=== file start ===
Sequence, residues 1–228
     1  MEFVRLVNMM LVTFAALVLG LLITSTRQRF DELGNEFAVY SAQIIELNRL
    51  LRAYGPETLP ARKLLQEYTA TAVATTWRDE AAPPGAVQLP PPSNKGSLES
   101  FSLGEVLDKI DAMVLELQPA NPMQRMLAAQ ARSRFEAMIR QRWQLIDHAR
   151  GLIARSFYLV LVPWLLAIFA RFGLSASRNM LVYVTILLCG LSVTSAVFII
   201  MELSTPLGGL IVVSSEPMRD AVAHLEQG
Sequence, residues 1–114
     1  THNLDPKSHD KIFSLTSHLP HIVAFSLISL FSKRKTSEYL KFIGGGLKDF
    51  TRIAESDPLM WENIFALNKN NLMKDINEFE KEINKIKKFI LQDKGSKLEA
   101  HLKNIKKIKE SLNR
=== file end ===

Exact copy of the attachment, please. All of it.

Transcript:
Sequence, residues 1–228
     1  MEFVRLVNMM LVTFAALVLG LLITSTRQRF DELGNEFAVY SAQIIELNRL
    51  LRAYGPETLP ARKLLQEYTA TAVATTWRDE AAPPGAVQLP PPSNKGSLES
   101  FSLGEVLDKI DAMVLELQPA NPMQRMLAAQ ARSRFEAMIR QRWQLIDHAR
   151  GLIARSFYLV LVPWLLAIFA RFGLSASRNM LVYVTILLCG LSVTSAVFII
   201  MELSTPLGGL IVVSSEPMRD AVAHLEQG
Sequence, residues 1–114
     1  THNLDPKSHD KIFSLTSHLP HIVAFSLISL FSKRKTSEYL KFIGGGLKDF
    51  TRIAESDPLM WENIFALNKN NLMKDINEFE KEINKIKKFI LQDKGSKLEA
   101  HLKNIKKIKE SLNR